News Article | March 8, 2016
Repoint is a robust and reliable points concept which breaks with 200 years of tradition to offer a change in design that will increase reliability, reduce maintenance costs and boost capacity on the railways. It is the result of research carried out with industry experts into improved switches which eradicate known issues with existing designs. The two-and-a-half-year project, funded by the UK rail safety body RSSB (formerly known as the Rail Safety and Standards Board), will see a full scale, prototype track switch developed and deployed. Using safety concepts derived from aerospace and the nuclear industries, Repoint allows redundant, fail-safe actuation and locking of track switches for the first time. This means that a failure of a single actuator element will not cause the failure of the entire switch – allowing trains to continue until such a time as maintenance becomes feasible. With increasing traffic density throughout the network, windows for maintenance work are becoming tighter, which is why the Repoint technology - which will be developed alongside RSSB, London Underground, and its supply base - has so much potential. Repoint has been led by Professor Roger Dixon, Senior Project Engineer Sam Bemment, Professor Roger Goodall, and Dr Chris Ward. The team are part of the Control Systems Research Group in the University's Wolfson School of Mechanical, Electrical and Manufacturing Engineering. Professor Dixon, Head of the Control Systems Research Group, said: "Bringing Repoint a step closer to operation is a fantastic achievement with the potential to fix a 200-year-old problem on rail networks around the world. "Great Britain's rail network, in particular, is under pressure to provide increased capacity and reliability at a reduced cost. With the support of RSSB, we can make track switch failures a thing of the past by introducing a cost-effective alternative which has not been seen before." Neil Webster, RSSB Future Railway Programme Director, commented: "Our continued support for the Repoint project reinforces our belief in the technology and the potential it has to deliver real, tangible benefits to the future of the rail industry. We look forward to seeing the design once implemented, improving reliability and increasing capacity on our ever expanding rail network." With RSSB and Loughborough University at the forefront of implementing the technology in the UK, opportunities are now being pursued with development partners to roll out the patented technology across international rail networks, with discussions so far held with companies in South Africa, Australia and China. Explore further: Rail researchers work on UK's first Tram-Train scheme
News Article | December 15, 2015
The north-Indian state of Punjab has further strengthened its position in the nation’s solar power market, commissioning another large rooftop solar power project of 12 MW. Tata Power Solar, a leading integrated solar power solutions company, recently announced that it commissioned a 12 MW rooftop solar power project in Punjab, claiming that the project is the world’s largest rooftop solar power project to be commissioned in a single phase. The project was commissioned at RSSB Educational and Environmental Society at Amritsar. Another similar project, with 7.2 MW capacity was also commissioned at the same location in 2014, which was proclaimed the world’s largest solar power system on a single rooftop. According to Tata Power Solar, the new 12 MW rooftop solar power system is expected to generate over 15 million kWh of electricity and offset greenhouse gas emission equivalent to 19,000 tonnes of carbon dioxide every year. Last year, Tata Power Solar also commissioned a 2 MW rooftop solar power project for a textile manufacturing company in the state of Tamil Nadu. The project, which is expected to have an eventual capacity of 4 MW, is claimed to be the largest rooftop solar power project in southern India. Tata Power Solar, which emerged from the remnants of a joint venture between British Petroleum and Tata Power (Tata BP Solar), constructs solar power projects as well as manufacturing solar power modules and other related equipment. The company is among the leading names in India’s rooftop and distributed solar power market. As India plans to set up 40 GW of operational rooftop solar power capacity, as part of its larger plans to set up 100 GW solar power capacity by 2022, Tata Power Solar eyes a massive market opportunity. Get CleanTechnica’s 1st (completely free) electric car report → “Electric Cars: What Early Adopters & First Followers Want.” Come attend CleanTechnica’s 1st “Cleantech Revolution Tour” event → in Berlin, Germany, April 9–10. Keep up to date with all the hottest cleantech news by subscribing to our (free) cleantech newsletter, or keep an eye on sector-specific news by getting our (also free) solar energy newsletter, electric vehicle newsletter, or wind energy newsletter.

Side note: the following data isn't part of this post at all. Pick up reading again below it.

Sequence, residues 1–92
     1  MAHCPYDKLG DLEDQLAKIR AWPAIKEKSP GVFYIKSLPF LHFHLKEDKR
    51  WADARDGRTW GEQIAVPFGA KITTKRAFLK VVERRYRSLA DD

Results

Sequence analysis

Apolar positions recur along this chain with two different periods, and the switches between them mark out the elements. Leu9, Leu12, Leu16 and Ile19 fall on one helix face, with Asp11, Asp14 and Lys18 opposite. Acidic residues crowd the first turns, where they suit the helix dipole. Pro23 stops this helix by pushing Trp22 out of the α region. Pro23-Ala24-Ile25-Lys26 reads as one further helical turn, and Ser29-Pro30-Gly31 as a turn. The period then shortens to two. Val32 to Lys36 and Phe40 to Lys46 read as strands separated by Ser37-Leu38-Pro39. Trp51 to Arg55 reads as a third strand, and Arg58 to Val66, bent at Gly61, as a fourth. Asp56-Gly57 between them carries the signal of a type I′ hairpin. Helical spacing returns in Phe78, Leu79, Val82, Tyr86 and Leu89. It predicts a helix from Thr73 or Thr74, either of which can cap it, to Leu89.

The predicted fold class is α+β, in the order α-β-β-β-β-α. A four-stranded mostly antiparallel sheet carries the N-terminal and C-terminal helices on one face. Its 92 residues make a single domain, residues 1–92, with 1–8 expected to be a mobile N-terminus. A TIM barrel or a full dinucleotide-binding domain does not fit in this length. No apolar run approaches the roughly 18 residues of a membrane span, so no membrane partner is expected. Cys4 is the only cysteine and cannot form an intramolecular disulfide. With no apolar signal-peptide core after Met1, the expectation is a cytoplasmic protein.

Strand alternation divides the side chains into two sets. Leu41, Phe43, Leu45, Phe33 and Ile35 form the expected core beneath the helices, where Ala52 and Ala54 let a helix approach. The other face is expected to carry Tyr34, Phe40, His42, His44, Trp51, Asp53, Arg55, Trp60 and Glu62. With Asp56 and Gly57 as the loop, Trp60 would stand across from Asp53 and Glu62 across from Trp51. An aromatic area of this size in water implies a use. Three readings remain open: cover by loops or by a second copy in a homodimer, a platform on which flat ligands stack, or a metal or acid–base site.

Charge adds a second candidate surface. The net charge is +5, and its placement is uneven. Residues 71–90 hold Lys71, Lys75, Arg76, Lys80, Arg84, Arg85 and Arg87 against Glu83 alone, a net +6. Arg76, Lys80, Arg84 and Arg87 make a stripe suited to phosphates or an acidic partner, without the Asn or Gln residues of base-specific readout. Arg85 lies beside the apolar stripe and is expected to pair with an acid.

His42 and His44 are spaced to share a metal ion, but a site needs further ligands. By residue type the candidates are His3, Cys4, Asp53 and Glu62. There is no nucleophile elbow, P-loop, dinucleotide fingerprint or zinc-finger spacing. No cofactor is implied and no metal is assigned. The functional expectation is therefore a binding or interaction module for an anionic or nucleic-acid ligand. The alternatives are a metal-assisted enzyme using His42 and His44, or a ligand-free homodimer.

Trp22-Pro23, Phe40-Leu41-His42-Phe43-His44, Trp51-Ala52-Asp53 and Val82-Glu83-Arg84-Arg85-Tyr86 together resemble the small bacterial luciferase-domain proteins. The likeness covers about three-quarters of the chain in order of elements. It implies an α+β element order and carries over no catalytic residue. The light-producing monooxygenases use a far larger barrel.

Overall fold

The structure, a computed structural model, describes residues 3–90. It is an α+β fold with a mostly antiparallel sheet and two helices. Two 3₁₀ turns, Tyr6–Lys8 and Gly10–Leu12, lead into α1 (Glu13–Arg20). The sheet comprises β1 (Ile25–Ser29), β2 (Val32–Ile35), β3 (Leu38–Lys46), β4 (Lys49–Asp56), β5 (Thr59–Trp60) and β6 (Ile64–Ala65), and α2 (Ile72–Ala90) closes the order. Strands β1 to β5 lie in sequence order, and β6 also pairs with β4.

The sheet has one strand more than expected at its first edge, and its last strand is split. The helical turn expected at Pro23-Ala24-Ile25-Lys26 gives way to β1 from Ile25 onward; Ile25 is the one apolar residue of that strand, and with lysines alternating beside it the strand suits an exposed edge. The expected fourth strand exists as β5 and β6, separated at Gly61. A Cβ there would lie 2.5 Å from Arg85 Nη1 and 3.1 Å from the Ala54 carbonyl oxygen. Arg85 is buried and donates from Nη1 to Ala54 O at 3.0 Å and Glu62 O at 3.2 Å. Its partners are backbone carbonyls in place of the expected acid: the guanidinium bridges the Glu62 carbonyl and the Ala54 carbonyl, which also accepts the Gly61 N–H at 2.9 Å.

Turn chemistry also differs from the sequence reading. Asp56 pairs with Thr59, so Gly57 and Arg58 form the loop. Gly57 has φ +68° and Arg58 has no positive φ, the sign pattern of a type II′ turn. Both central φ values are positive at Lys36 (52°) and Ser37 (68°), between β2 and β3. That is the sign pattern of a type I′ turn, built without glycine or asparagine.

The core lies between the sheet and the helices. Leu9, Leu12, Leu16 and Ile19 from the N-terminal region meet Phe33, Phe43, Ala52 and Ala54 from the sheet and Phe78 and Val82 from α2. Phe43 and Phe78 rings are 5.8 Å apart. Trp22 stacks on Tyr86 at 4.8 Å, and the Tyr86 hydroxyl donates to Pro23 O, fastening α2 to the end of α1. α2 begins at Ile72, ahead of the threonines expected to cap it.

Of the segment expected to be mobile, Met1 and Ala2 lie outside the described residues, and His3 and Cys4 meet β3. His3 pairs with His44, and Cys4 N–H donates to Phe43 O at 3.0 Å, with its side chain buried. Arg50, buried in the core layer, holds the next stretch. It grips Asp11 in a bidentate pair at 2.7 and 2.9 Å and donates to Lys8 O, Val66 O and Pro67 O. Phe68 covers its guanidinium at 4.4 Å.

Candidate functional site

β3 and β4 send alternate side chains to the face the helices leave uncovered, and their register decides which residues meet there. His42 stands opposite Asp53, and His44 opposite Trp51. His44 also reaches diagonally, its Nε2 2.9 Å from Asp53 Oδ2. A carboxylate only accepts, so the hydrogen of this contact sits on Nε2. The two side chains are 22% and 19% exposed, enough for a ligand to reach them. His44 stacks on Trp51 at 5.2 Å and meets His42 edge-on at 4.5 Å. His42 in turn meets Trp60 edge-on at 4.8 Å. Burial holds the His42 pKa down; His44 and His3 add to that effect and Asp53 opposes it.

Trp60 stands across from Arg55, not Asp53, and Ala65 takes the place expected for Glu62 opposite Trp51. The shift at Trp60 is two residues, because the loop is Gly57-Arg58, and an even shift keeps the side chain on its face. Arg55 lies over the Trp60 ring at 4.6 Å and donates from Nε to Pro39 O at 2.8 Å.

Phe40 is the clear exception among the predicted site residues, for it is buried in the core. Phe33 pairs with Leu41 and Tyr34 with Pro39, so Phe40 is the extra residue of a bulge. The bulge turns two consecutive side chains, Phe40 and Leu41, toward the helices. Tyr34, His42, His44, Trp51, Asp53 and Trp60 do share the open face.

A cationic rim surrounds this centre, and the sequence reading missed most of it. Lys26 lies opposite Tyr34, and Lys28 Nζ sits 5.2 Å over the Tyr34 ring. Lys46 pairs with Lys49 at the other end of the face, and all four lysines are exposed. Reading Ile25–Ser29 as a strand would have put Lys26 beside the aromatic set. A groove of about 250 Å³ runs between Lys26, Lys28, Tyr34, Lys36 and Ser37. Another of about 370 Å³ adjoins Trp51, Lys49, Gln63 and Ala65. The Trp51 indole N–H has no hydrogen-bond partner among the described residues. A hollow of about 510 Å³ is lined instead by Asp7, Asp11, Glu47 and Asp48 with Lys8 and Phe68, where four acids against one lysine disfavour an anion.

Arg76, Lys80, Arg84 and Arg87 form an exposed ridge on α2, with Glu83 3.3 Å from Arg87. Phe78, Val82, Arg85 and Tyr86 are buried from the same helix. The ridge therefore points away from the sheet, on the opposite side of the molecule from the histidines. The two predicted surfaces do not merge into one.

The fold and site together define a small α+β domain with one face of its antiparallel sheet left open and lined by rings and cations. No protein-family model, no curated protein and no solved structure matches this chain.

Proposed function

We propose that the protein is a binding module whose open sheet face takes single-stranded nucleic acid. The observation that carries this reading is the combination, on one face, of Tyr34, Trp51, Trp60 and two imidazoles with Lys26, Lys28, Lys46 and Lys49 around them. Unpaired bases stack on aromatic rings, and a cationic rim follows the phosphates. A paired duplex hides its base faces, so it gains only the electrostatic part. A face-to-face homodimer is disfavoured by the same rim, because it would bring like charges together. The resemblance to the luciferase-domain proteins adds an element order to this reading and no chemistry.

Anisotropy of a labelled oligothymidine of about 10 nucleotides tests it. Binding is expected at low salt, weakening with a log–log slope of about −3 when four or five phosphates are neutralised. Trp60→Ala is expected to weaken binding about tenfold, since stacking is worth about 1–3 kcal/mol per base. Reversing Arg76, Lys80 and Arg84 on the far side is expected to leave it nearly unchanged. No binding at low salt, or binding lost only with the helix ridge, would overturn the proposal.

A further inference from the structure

News Article | September 20, 2016